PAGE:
Tony Roberts, president of the Georgia Charter Schools Association, declined to say how much the group is spending or provide a list of contributors. But, noting that 165 school districts in Georgia don’t have charter schools, he said an education effort was needed.
“We view this vote as a unique moment in time where the entire state of Georgia is focused on charter schools and the benefits these schools provide for students,” Roberts said in a statement.
Charters USA spokeswoman Colleen Reynolds said the group contributed to “show support to the parents and students we already have at our two schools in Georgia.”
The company operates schools in Cherokee and Coweta counties and fought with the Cherokee Board of Education when its application was initially rejected. John Truscott, a spokesman for National Heritage Academies, said it routinely supports ” efforts to expand school choice for kids.”
Bert Brantley, spokesman for Families for Better Public Schools, which has raised and spent the most among the pro-charter groups, said the big donations simply show the breadth of support.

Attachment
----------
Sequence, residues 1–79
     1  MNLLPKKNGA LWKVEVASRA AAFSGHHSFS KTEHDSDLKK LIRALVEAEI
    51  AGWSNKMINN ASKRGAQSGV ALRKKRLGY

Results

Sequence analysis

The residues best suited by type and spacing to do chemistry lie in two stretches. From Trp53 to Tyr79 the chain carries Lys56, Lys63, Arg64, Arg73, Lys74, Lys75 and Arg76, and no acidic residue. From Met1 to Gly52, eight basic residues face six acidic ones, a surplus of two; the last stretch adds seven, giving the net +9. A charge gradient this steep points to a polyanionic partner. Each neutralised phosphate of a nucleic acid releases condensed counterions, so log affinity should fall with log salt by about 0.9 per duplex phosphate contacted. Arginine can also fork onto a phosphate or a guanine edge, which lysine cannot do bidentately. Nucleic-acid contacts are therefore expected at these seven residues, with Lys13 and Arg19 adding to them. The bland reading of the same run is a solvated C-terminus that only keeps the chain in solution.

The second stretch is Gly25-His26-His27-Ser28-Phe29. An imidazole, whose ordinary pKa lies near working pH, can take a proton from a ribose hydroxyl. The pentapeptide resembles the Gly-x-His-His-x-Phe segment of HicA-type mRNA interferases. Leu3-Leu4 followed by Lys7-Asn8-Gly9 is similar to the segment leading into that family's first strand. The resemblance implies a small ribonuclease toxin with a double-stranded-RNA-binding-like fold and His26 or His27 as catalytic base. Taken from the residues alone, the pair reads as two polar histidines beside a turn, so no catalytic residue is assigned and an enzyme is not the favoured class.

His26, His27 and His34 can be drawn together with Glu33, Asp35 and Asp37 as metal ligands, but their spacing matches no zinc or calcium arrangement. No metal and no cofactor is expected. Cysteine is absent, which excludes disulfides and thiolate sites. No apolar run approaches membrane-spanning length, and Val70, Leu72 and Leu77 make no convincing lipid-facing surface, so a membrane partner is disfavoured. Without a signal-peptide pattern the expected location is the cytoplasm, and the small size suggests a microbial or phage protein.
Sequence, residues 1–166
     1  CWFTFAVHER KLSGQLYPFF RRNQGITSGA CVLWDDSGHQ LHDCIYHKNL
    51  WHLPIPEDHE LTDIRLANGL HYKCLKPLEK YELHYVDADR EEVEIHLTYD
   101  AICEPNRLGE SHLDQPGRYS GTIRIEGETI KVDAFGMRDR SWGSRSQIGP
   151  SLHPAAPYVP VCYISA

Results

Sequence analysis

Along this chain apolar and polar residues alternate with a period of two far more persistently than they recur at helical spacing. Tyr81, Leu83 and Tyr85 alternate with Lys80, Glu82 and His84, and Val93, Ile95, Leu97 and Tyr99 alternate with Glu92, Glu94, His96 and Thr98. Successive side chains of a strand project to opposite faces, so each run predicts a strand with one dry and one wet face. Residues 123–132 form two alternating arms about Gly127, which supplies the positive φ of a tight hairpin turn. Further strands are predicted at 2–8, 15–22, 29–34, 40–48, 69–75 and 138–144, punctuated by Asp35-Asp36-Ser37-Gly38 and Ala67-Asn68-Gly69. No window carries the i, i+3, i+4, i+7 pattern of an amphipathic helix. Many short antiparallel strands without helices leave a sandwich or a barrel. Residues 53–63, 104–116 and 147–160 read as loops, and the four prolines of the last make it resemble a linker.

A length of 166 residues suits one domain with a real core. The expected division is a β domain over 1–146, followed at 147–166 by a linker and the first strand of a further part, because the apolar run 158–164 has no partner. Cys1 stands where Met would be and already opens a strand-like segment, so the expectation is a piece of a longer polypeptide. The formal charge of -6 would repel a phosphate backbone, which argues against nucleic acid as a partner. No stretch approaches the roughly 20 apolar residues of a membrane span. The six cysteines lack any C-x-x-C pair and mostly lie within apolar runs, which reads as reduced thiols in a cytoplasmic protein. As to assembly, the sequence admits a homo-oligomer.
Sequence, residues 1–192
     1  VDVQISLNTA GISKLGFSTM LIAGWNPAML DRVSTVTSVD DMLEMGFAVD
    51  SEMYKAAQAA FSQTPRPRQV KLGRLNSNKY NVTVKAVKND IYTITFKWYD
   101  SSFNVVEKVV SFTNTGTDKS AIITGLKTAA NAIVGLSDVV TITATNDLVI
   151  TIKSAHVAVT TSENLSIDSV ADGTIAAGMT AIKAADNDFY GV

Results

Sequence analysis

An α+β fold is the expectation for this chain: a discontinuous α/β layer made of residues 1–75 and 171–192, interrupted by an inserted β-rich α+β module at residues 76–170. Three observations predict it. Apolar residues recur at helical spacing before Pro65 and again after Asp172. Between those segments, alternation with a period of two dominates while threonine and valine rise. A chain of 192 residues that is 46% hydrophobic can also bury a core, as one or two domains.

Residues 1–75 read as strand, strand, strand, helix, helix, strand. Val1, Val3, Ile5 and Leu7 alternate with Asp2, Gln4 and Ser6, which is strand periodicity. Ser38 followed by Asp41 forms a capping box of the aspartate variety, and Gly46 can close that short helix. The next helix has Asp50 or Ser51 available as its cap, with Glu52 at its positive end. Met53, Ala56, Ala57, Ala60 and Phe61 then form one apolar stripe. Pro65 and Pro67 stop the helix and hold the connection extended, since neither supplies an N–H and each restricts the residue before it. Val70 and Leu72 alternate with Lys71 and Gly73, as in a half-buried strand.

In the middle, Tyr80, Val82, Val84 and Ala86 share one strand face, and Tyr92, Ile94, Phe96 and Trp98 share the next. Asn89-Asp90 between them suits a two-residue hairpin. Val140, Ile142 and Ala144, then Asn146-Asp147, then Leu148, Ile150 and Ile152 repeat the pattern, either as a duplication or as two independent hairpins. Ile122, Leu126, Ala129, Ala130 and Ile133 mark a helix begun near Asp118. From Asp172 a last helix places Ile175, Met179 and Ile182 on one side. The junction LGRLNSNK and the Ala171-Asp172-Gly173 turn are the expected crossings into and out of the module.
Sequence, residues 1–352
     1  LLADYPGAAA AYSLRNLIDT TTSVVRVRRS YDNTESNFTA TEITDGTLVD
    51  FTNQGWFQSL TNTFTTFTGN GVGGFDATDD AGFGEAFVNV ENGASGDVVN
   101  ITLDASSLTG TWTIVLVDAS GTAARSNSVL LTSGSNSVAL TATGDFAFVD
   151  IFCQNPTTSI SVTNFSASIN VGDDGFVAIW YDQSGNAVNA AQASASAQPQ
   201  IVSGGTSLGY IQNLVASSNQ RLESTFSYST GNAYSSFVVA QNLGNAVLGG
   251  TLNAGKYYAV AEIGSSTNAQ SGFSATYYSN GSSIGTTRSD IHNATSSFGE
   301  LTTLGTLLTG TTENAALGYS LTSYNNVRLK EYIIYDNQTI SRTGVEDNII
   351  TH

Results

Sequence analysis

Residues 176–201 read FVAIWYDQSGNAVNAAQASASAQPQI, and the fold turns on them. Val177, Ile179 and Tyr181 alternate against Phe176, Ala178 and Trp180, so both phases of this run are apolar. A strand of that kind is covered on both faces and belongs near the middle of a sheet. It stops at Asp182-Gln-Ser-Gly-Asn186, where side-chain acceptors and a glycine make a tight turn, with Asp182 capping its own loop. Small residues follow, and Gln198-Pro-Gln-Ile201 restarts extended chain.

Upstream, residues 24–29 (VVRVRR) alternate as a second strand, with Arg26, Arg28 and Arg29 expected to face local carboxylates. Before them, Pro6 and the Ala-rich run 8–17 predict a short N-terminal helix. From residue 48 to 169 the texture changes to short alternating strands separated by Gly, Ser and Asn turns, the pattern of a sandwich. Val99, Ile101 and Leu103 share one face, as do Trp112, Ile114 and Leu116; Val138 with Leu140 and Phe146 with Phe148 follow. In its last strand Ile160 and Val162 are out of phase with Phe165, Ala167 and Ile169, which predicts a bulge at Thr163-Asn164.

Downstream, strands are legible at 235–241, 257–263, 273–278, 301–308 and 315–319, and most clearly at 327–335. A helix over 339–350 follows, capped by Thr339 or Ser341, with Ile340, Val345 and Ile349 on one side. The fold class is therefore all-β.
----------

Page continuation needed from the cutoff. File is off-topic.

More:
“We are very gratified to have such broad support,” he said. “It’s really about giving every child an option.”
Those who oppose the charter amendment say they aren’t surprised by the heavy spending.
“This is money versus public schools. It is part of the privatization (of schools) effort. Everybody knows what this is about. It’s about the choice agenda and for-profit companies. There is big money to be made in schools,” Herb Garrett, executive director of the Georgia School Superintendents Association, said.
While opponents of the amendment have been heavily outspent, they’ve been accused of using taxpayer resources to make their case. State School Superintendent John Barge took a letter opposing the amendment off of the state education department website after an advisory ruling from state Attorney General Sam Olens cautioning officials against using public resources to campaign for or against the measure. Gov. Nathan Deal and leading state legislators have spoken out in favor.